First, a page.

In Destination Australia, Professor Richards’ narrative blends the often dramatic stories of individual migrants with the shifts in official attitudes that lay behind the ‘grand experiment’ of Australian immigration.
“I’ve tried to get a balance between the big picture – the long perspective – and some of the several million stories that make up the whole experience,” Professor Richards said.
“It’s a story that reaches into the lives of almost every Australian family,” he said.
“Australia is also a terrific example of mobility and migration in the world at large; even now it is among the top immigrant nations.
“This makes Australia an interesting case study in how people move about the world, and how that has changed over the course of the last century into the current situation where we have many different kinds of mobility.”
Professor Richards said Australia’s distance from the sources of its immigrants had largely enabled the government to pick and choose its immigrants according to the country’s perceived needs.
He points to two big changes in the Australian policy in the 20th century: “British Australia continued right through to 1947, and then there was a radical switch under Arthur Calwell to the Europeanisation of Australia, which can really be seen as an attempt to reinforce the White Australia policy.”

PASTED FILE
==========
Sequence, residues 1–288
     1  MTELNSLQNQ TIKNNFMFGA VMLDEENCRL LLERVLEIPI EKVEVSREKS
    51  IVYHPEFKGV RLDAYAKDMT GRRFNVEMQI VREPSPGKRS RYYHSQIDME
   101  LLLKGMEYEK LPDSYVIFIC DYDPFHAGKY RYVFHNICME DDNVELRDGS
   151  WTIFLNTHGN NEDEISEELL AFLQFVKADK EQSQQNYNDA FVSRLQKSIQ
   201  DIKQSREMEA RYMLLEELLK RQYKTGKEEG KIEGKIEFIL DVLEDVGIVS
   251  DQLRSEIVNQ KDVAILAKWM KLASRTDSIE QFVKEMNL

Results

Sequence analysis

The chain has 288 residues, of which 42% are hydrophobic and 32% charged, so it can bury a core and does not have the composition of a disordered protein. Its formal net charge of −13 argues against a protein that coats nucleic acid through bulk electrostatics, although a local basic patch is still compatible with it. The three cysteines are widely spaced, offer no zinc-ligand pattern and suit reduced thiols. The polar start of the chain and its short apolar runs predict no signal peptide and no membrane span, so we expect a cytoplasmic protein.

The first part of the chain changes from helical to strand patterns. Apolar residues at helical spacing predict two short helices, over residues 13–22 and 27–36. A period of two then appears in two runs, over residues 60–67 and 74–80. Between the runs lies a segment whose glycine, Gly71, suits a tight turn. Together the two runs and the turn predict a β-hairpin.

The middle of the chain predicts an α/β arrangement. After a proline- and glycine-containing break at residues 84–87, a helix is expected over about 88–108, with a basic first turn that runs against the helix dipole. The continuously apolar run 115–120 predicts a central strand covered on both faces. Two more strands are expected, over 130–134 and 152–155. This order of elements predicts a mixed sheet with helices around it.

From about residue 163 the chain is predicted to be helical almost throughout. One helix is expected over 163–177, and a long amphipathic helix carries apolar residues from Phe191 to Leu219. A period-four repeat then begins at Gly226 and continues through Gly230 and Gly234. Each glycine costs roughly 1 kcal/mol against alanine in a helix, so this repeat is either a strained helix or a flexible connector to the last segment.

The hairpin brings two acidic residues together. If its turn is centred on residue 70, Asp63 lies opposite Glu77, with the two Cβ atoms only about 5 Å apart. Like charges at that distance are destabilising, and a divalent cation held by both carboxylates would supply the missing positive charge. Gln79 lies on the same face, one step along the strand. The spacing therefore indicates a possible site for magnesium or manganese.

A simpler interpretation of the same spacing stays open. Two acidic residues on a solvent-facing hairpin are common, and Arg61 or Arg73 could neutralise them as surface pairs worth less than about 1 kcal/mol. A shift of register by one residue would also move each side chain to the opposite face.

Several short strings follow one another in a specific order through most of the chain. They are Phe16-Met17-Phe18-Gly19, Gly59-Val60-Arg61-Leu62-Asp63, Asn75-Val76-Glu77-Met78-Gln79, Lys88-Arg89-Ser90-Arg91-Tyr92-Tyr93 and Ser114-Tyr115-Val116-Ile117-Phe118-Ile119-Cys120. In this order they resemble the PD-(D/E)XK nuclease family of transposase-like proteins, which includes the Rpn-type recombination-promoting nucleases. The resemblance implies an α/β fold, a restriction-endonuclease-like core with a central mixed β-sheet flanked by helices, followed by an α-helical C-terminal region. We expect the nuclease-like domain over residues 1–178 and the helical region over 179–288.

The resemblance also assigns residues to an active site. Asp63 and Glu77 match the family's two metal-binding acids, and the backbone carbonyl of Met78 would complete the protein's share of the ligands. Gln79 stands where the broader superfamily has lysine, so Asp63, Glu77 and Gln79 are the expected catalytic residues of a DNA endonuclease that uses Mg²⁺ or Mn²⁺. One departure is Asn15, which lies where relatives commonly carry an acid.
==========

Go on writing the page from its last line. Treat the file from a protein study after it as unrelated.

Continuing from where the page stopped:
“Only in the 60s and 70s do we see the next big shift, with the demise of the White Australia policy and the emergence of a much wider catchment for migrants.
“These were big shifts and, looking back, it’s interesting to see how Australia managed the change from a highly monocultural society and population into one that becomes increasingly diverse.”
Despite periods of political and social anxiety, Professor Richards said Australia has successfully realised one of the most racially diverse immigration programs in the world with a minimum of disruption.
“Australia has moved from an extraordinarily monocultural, monoglot condition to one of extreme diversity, which is a bigger shift than you see in most societies.
“The tensions were always greater in anticipation than in reality,” Professor Richards said.
Destination Australia is published by UNSW Press.